At one time or another, you'll probably live in a house or apartment you don't own. Maybe you're saving up for home ownership. Or maybe you're at a point in your life or career where you want the flexibility of renting—who knows where you'll be even a year or two in the future?
As a renter, you don't need to worry about the upkeep of your building, but you do want to protect your stuff—because burglars don't care if you own your apartment or not. Even if the landlord has insurance on your building, the policy won't cover your personal belongings should they end up stolen or destroyed.
How Renters Insurance Works
Renters insurance works much like any other kind of insurance plan: You have a choice of different levels of coverage, which determine exactly what you're protected from. For instance, a lower level of coverage might reimburse you for the cost of replacing your lost or damaged goods. A higher level, on the other hand, might cover the medical expenses of someone who is injured on your (leased) property or compensate you for items lost while traveling.
You pay the insurance company a fixed amount every month, and in exchange, it will pay for any damages you encounter (so long as they're included in your policy). You also have a deductible, which is the amount you need to pay to replace your items before the insurance kicks in. So, if you've sustained losses of $1,000 in an accident, you might have to pay $500 on your own and the insurance company will handle the rest. And while car insurance companies provide most renters insurance, you don't need a car to qualify.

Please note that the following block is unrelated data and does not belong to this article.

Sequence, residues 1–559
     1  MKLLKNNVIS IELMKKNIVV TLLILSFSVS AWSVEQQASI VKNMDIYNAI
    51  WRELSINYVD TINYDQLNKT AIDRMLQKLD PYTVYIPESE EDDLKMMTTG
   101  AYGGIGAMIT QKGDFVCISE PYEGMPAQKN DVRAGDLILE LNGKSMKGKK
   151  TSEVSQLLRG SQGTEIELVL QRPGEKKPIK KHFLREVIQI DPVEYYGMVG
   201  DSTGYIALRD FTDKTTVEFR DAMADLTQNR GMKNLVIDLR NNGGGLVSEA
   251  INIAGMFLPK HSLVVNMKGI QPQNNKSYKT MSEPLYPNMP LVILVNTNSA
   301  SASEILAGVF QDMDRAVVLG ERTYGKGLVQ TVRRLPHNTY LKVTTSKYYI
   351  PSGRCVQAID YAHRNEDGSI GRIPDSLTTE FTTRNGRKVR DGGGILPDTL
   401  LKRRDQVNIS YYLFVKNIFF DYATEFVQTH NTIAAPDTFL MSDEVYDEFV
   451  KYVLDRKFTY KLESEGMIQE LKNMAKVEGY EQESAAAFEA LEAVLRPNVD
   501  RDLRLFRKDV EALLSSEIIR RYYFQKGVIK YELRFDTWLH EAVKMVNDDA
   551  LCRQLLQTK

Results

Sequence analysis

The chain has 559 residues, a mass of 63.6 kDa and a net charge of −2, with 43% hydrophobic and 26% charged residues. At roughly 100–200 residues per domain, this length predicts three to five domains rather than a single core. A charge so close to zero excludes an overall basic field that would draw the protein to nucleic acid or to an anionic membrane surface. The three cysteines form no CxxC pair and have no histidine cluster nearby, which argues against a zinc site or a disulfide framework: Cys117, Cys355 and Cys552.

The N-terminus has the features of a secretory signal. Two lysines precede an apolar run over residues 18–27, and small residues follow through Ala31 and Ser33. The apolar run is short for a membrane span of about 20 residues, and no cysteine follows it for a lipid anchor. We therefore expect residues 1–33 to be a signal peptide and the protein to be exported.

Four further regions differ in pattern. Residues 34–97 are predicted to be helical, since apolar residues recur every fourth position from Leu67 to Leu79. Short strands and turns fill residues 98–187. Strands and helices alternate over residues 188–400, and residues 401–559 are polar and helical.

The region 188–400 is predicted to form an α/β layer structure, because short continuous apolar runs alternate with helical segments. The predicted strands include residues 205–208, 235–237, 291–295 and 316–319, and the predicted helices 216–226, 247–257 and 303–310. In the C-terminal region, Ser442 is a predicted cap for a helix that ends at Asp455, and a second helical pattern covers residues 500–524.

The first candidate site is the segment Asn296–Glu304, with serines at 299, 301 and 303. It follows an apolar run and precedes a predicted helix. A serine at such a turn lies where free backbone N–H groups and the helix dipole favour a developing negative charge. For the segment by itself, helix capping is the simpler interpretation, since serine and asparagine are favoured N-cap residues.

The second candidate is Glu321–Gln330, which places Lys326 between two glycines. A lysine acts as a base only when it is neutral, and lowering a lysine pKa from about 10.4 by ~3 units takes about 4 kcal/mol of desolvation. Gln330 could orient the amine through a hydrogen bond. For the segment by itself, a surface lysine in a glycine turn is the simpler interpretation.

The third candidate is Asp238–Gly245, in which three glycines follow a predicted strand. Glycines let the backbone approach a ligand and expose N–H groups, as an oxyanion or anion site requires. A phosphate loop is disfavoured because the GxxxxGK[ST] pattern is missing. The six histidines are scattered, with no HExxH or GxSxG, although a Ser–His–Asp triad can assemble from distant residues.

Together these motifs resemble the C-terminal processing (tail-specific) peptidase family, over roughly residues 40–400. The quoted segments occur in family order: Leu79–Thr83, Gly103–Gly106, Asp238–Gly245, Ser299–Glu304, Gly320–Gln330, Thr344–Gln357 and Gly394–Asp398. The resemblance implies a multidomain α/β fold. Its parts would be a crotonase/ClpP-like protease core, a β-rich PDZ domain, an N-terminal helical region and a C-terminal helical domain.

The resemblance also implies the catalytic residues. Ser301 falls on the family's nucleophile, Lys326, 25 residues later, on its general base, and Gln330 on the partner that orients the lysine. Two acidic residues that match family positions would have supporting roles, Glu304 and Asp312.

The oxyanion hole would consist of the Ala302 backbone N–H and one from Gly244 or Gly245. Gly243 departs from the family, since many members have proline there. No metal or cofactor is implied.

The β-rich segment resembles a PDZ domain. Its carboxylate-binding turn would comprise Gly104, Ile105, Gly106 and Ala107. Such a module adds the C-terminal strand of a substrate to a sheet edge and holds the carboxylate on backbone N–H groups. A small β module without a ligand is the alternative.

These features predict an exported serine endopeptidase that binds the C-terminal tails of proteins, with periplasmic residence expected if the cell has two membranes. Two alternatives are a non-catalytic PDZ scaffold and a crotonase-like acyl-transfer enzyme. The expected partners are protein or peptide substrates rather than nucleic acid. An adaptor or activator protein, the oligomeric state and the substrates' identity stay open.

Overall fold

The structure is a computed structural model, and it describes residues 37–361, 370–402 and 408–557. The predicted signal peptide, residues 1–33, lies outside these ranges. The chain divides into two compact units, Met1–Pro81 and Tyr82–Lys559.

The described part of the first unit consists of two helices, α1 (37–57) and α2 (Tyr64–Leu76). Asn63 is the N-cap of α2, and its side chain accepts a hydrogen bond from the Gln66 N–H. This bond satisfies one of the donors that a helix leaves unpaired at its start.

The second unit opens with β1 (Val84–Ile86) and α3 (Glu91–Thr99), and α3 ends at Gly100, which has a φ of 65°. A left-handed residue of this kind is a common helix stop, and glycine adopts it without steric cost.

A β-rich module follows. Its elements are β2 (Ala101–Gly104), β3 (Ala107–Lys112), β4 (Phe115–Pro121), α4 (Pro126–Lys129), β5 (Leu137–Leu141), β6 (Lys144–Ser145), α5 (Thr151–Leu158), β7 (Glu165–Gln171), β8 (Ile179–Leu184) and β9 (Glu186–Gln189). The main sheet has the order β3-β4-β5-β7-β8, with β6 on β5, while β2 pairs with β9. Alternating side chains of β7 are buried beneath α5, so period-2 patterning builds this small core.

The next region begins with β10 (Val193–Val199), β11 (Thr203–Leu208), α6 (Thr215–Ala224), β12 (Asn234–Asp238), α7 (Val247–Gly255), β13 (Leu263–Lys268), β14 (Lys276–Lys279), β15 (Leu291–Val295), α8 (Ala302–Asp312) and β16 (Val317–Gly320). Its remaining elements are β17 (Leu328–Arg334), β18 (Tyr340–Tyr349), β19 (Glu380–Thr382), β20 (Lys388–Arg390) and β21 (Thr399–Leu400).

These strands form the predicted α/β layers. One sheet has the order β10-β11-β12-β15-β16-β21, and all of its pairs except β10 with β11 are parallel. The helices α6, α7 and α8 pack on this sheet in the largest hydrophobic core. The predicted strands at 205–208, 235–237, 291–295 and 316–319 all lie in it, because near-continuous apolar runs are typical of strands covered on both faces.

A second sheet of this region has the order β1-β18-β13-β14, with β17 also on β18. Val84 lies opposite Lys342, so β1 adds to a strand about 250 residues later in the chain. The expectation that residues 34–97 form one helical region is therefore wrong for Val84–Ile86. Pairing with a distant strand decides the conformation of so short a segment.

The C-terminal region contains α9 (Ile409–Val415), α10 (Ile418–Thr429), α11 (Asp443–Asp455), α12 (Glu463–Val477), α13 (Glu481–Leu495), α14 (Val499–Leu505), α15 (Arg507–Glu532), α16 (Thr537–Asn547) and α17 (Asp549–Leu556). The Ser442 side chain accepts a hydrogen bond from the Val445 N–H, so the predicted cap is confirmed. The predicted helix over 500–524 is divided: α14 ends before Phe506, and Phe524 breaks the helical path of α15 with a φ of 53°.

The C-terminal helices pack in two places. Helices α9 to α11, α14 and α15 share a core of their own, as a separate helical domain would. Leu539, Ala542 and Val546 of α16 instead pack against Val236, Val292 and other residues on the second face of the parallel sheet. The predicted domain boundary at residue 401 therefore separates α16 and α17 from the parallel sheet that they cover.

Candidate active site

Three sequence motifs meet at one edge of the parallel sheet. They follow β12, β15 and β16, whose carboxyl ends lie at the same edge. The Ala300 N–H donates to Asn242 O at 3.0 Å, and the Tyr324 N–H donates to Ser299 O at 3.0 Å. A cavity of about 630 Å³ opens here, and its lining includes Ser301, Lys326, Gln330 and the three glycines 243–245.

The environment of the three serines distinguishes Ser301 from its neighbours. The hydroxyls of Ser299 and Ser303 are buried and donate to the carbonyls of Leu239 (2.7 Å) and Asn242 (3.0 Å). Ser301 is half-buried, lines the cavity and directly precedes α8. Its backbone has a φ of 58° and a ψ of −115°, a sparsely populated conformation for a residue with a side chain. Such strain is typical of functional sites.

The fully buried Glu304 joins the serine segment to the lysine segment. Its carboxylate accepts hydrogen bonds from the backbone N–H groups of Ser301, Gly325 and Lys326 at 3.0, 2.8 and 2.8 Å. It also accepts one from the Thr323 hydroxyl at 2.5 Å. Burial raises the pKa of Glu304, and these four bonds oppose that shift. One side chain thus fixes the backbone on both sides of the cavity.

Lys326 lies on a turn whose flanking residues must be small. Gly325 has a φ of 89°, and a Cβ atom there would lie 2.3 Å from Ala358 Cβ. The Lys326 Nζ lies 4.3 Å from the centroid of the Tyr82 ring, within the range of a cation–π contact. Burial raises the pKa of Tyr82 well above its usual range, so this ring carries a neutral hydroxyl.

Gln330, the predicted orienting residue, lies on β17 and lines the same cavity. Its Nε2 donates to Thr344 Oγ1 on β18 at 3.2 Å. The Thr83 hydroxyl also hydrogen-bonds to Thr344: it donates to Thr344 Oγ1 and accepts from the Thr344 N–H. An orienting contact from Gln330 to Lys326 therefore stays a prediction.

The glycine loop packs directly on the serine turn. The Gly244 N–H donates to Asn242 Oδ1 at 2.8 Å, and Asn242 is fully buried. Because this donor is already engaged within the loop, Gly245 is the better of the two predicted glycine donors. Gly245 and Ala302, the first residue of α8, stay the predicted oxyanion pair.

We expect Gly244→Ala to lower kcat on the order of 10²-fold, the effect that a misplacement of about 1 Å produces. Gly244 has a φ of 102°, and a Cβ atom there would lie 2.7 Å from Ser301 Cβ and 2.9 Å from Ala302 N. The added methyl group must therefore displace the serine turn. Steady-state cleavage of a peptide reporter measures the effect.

I Only Own a Futon—Do I Need Renters Insurance?
If you're unsure if renters insurance is right for you, the first thing you should do is go through your possessions and determine their worth. Even if you don't think you have enough things to warrant renters insurance, it's still a good idea to do this—you might be surprised with the final amount. Your electronics alone (computer, phone, game system, television) would probably cost over a $1,000 to replace.
Once you account for the value of clothing, furniture, jewelry, books, and things like musical instruments or sporting goods, the price can get pretty high. Even if you have a steady income, it could be far too much for you to pay out of pocket at one time.
After you've finished your calculations, use this amount to determine the level of coverage you need and get a quote from an insurance company. The quote is basically an explanation of your insurance coverage: what amount you'd receive if your things were destroyed, your deductible, your payment plan, and so on.
Remember to shop around to make sure you get the best deal—comparing quotes from different companies will help you make an informed decision and get a plan that works best for your needs.
Picking The Right Plan
There are generally two types of renters insurance plans: plans that cover the worth of your items at the time of purchase and plans that repay you for the worth of your items at the time they were destroyed or stolen.
The first plan is more expensive, but it's more useful when it comes time to restock your apartment after an unforeseen event. Most items decrease in value the longer you own them. So, if a fire destroys your 3-year-old laptop, you might not get enough money to buy a new one if your plan only provides the amount your computer was worth secondhand.
Luckily, the cost of renters insurance is very low—sometimes as little as a dollar a day. That's why renters insurance can be a smart idea even if you only have a few expensive items. And that's not even mentioning the peace of mind that renters insurance can provide; it's easier to take off for the weekend when you know that, if a pipe bursts in your apartment, you'll have help replacing your things.
Dealing with disaster is hard enough on its own, but with renters insurance, at least your bank account won't feel the blow as well.